Food can also be a sign for cultural renewal, which becomes obvious when we have a look at Vietnam. Jackson-Doling (2000) claims that much of the renewed economic and social vitality of Vietnam´s culture pivots on food, which is discernible in Ho Chi Minh City, where each morning is characterized by food stalls appearing magically on the sidewalks in front of old shop houses. The new prosperity the country enjoys nowadays and the cultural renaissance of Vietnam´s culinary traditions are signalized through signs such as the clusters of tables and chairs surrounding a hot couldron containing soup set on an open fire.
In Cuba on the other hand food plays an important context in the way that many people open folk restaurants, so called paladare, on the back of their homes. Those private, small restaurants are not only crucial regarding many people´s economic situation, but also rekindling an interest in their ethnic cuisine. Furthermore, they offer an insight into the everyday life of Cuban people (cf. Futrell 1998).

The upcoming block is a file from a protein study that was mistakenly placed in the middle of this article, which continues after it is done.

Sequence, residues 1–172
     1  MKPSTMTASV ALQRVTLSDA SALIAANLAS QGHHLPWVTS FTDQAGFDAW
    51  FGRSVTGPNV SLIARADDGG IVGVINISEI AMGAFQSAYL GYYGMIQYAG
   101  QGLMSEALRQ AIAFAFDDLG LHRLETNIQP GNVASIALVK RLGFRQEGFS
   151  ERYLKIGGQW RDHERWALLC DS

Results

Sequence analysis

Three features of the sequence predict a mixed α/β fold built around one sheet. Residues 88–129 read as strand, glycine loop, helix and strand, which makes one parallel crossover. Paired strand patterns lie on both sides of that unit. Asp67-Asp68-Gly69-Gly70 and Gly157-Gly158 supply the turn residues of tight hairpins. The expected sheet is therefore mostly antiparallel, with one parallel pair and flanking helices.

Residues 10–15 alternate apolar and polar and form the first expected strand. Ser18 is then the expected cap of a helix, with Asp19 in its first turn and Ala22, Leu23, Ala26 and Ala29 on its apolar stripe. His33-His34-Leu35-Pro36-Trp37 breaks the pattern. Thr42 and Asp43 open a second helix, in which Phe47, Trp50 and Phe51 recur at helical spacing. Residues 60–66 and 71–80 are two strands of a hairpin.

So called warung food stalls mushroom in the late afternoon on roadsides in Jakarta, Indonesia. They are also to be found on sidewalks, in parking lots or any open space. People passing by choose their food, and sit down enjoying their meals on temporary wooden benches and tables set up around the decorated tents. Each warung specializes in a particular menu, and since the economic downturn in 1997, some performers and singers have set up their own warung stalls in order to attract as many people as possible. On the weekends warung have also become a popular gathering place for young people. In China there are similar kind of „street restaurants“, which are important spots for social exchange and communication. Those so called xiao fanguan („little food shops“) offer fast and cheap food and are actually little soup kitchens, serving rice or noodles and attracting people without a lot of money. They are usually located on the outside of the bottom floor of apartments in Shanghai. People meet up there not only to eat but also to talk about everything under the sun (cf. Fedorak 2009).